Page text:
I hear in our Sunday School class, and even in my own parents’ faith talk, certain phrases or expressions that are similar in some respects, but have different meanings when explored, or are different in other respects yet refer to the same or similar concepts or experiences. Likewise with art: art speaks individually and personally.
Medieval art was crude in the ways it artistically represented the physical world. There are several reasons for that. For one, upon the fall of Europe from Roman dominance into the Dark Ages, although the art of mosaic had developed, artistic expression in painting was very limited. The precursor of modern painting developed in the Catholic Church in the form of Illuminated manuscripts, which initially appeared as the Biblical copyist’s artistic and colorful embellishment of the first letter of a section of script. Later copyists might incorporate into that first letter a miniature painting of subjects or scenes in that section. As painting developed during the Medieval Period into a larger scale production, skills were nonetheless crude. The artist’s mental image of a subject or estimation of each element’s value was often more important than the actual image of the subject, so that little children were often depicted with child-like, even cherubic, bodies capped with an adult face; there was no sense of perspective, as that did not develop until the Renaissance; rounded figures appeared flat on the painted surface for lack of modeling to give the appearance of the play of light upon a real, 3-D subject; in Middle Age Scholasticism the principal theological discussion may have been on how many angels could fit on the head of a pin, or how evil spirits lurked in dark places, manipulating the physical world to their twisted purposes, grotesque, imaginary figures flew about the painting, wreaking havoc in a fragile world; animals often had human qualities; and the artist often obviously projected onto the painted object his or her feelings or ideas about the subject.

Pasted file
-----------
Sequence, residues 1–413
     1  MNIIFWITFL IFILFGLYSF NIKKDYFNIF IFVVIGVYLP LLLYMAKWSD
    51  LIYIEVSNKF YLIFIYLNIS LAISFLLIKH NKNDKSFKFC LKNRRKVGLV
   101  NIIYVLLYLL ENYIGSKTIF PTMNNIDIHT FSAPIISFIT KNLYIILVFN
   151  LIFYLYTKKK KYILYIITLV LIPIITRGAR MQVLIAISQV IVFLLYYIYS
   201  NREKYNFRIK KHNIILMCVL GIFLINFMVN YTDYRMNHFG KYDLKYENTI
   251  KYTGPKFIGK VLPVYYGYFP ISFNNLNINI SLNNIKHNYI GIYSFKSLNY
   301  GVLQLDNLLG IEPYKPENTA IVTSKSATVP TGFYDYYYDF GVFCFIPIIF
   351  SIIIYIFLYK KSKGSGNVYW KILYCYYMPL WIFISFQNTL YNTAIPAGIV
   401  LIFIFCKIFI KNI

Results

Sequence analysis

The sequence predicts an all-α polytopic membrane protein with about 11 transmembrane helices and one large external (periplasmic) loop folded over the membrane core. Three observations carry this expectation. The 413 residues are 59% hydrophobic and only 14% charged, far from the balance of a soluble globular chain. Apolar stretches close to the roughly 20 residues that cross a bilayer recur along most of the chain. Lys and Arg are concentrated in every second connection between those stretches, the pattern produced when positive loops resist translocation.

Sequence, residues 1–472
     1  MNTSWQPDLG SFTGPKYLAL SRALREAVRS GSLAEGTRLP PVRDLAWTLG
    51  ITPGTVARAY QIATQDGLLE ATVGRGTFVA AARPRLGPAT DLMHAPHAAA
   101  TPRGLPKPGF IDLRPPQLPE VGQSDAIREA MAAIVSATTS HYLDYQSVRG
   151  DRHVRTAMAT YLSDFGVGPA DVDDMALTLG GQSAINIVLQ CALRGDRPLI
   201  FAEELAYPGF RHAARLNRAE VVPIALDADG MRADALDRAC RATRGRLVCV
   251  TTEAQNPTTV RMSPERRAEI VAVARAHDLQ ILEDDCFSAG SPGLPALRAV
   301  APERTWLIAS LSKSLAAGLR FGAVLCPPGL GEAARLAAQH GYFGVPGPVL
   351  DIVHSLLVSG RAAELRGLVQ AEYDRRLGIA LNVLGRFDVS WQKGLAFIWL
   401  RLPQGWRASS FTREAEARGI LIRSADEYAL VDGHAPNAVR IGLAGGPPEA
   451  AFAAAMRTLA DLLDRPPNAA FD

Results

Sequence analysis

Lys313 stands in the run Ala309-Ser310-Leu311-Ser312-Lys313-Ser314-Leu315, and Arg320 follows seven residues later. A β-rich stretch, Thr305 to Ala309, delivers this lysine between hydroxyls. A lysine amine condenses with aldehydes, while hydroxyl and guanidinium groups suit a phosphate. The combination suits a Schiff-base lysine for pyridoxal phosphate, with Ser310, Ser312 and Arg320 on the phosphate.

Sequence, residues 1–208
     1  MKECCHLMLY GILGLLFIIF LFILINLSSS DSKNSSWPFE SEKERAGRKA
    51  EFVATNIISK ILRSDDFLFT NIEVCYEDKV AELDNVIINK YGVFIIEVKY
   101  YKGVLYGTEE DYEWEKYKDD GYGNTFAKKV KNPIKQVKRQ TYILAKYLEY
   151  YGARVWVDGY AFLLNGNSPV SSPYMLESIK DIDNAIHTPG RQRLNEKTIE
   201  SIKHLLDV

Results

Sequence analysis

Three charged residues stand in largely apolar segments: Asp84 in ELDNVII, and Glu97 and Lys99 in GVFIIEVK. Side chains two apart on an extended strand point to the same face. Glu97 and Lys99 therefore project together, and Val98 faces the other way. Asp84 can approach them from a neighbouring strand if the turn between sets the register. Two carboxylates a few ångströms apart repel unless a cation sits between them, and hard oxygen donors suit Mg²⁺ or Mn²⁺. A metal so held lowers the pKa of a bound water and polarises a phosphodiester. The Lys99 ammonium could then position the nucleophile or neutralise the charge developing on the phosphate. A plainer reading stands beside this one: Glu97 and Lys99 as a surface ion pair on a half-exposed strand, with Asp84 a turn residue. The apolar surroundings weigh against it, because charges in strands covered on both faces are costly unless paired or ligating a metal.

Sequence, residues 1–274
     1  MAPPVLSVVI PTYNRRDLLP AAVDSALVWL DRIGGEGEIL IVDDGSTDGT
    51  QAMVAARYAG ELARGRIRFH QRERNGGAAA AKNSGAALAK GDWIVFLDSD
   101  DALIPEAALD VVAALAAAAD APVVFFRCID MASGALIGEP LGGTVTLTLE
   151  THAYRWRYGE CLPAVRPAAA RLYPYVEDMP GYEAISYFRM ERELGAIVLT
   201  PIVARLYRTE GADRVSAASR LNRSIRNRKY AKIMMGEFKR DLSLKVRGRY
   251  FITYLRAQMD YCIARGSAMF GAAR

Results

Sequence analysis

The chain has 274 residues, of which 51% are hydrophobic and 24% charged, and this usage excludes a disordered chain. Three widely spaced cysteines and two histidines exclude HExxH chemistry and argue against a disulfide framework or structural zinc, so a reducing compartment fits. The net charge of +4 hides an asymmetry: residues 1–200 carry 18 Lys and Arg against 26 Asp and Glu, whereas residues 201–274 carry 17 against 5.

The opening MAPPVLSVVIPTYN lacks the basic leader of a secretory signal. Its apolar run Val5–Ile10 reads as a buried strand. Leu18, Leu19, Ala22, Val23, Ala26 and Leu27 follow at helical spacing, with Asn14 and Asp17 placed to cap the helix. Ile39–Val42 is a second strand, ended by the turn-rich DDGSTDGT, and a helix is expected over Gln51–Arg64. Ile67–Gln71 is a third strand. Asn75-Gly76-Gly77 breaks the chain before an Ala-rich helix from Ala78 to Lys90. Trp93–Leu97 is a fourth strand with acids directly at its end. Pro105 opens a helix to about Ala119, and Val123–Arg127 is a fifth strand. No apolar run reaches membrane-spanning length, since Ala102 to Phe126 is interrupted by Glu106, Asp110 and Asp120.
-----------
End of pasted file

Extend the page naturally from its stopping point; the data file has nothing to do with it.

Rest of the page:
Creation of the Animals by Master Bertram (1345-1415) is a late Medieval painting that demonstrates both the representational style and thinking of those times.
Creation of the Animals by MASTER BERTRAM
See http://www.flickr.com/photos/32357038@N08/4314988398/ for the source of the photograph of the above painting.
In the early Twentieth Century, long after the development of perspective, modeling and richly realistic techniques, there was a reaction to then contemporary realistic, representative art. Whereas the style of painting during the Medieval period reflected the attitudes and beliefs of that day, often unconsciously for the lack of a developed natural, realistic, representative technique, in the Twentieth Century artists often discovered that a representational style might “fool the eye” but did little to express thoughts, feelings or ideas. They often found that unconventional use of earlier, often primitive forms and techniques, could express what representative styles could not.